Post Modules

3. MODULES

A loadable kernel module is an object that contains some code to extend your kernel. Modules serves various type of purposes like support for new hardwares, filesystems, and system calls. It is probable that once a new module is inserted, it might cause minor fragmentation in kernel resulting in a minor performance penalty. Mostly, not noticeable.
We might ask "ok, if kernel modules are so amazing, why not add them all into the kernel code instead of asking us to load them". Well, the advantage to LKMs is that you can minimize the memory footprint for a kernel, loading only those elements that are needed.

You can find all the modules in /lib/modules. (With extension .ko = Kernel Object).

To avail a module, you need to install/insert it by:
Code:
insmod /lib/modules/module-name.ko
Put the line in an init.d script to load the module(s) on every boot.

To view the list of modules that are loaded by default, use:
Code:
lsmod
To unload/remove a module (that has been loaded):
Code:
rmmod "modulename"
1) bthid.ko* - BlueTooth Human Interface Device

Signifies: Bluetooth
Bthid is one of the bluetooth profiles. The module provides support for devices such as bluetooth mice, joysticks,keyboards,etc. It uses a low latency link with low power requirement to achieve the above mentioned.

2) cifs.ko - Common Internet File System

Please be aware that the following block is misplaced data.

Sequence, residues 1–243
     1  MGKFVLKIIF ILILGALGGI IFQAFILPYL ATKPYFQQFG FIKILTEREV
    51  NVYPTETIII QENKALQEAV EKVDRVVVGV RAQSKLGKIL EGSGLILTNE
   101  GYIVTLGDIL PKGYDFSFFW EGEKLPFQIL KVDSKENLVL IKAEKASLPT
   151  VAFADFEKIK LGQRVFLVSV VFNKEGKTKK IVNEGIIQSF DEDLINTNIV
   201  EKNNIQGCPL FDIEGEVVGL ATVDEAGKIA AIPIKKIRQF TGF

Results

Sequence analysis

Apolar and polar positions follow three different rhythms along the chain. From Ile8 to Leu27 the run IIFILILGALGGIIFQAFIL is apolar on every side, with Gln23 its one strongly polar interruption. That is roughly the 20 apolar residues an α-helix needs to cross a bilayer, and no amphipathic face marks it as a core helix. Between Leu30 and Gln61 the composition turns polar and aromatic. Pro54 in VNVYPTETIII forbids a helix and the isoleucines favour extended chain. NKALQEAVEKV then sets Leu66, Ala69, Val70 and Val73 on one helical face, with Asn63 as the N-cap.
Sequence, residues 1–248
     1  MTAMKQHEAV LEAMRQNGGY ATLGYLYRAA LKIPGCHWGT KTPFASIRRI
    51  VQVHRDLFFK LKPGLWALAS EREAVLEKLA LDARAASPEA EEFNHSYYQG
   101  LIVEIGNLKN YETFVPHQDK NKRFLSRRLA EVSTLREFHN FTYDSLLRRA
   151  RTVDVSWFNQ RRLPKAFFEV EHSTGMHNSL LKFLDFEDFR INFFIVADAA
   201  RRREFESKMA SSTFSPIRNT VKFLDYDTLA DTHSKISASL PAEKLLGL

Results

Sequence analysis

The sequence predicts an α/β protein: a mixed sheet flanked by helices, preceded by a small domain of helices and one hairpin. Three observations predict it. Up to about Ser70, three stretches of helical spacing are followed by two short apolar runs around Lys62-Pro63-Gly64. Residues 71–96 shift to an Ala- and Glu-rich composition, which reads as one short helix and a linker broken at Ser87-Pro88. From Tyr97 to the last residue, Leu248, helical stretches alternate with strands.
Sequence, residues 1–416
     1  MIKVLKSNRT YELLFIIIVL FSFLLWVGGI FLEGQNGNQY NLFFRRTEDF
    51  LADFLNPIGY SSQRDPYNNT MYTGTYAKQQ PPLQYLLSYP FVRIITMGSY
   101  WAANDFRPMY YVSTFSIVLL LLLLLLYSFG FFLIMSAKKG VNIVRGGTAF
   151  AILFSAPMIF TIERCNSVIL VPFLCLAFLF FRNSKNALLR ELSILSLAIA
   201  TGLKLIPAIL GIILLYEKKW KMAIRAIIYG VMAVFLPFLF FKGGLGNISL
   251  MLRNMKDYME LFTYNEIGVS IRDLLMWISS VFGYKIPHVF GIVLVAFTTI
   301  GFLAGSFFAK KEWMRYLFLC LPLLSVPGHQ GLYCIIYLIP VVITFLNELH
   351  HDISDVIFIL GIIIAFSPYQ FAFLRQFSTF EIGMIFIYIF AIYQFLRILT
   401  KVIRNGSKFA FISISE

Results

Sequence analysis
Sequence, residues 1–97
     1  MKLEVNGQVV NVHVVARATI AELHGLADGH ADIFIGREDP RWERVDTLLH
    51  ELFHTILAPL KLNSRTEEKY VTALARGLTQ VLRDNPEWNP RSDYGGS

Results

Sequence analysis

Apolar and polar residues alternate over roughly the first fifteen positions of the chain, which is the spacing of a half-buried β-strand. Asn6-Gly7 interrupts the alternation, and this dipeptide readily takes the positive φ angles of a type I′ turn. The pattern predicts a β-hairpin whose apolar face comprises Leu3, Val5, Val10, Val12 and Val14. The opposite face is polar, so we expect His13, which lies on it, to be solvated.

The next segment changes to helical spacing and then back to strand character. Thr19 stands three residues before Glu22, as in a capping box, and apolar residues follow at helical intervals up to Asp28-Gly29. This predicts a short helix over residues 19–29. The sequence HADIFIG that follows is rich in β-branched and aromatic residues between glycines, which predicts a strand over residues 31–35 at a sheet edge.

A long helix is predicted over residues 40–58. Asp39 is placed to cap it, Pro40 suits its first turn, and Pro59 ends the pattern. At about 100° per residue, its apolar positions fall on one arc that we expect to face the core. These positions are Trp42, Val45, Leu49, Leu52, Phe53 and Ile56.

Signifies: Network Share
Successor to the SMB (Server Message Block) protocol, this protocol is supported by windows servers, samba, etc. The module is responsible for managing your network shares. It is used to mount/unmount network file resources on to your device. If special characters are not properly read/displayed, download and use nls_utf8.ko module for UTF-8 character support.

3) fuse.ko* - File System in Userspace

Signifies: File System
The module let the users create own filesystems without editing kernel code. Fuse module act as a bridge between filesystem code running in the userspace and kernel interface. The module is often used in our devices to support ntfs/ntfs-3g filesystem for mounting ntfs formatted hard drives and pen drives.

4) cuse.ko - Character Devices in User Space

Signifies: Audio Proxying
CUSE is an extension of FUSE allowing character devices to be implemented in userspace. One of the prime motivation for developing cuse is to provide a better support for Open Sound System or OSS. Except for initialization sequence and creation of character device instead of a mount, CUSE isn't very different from FUSE. CUSE is used for tasks like proxying OSS audio from OSS apps to an audio system.

5) dhd.ko - Dongle Host Driver

Signifies: Wifi
This module (from broadcom) is the wifi kernel module/wireless driver, and is responsible for wifi tethering, and such.

6) ftdi_sio.ko - Future Technology Devices International - Serial I/O

Signifies: USB Serial Devices
The module is required to connect an embedded device to our device using FTDI USB-serial converter. The embedded device will be an ftdi chipset based device. Devices like an USB-RFID reader could be connected.

7) usbserial.ko - USB Serial

Signifies: USB Serial Modems
This module is often used along with ftdi_sio module. It is the usbserial-generic interface for linux platform. The module is used to detect and use devices such as usb serial modems.

8) gspca_main.ko - GSPCA Main Driver

Signifies: Webcams
This module is used to install gspca based web camera in our device. The module is the driver that's responsible for detecting and functioning of gspca based webcams.

9) hfs.ko - Hierarchical File System

Signifies: Mac Filesystem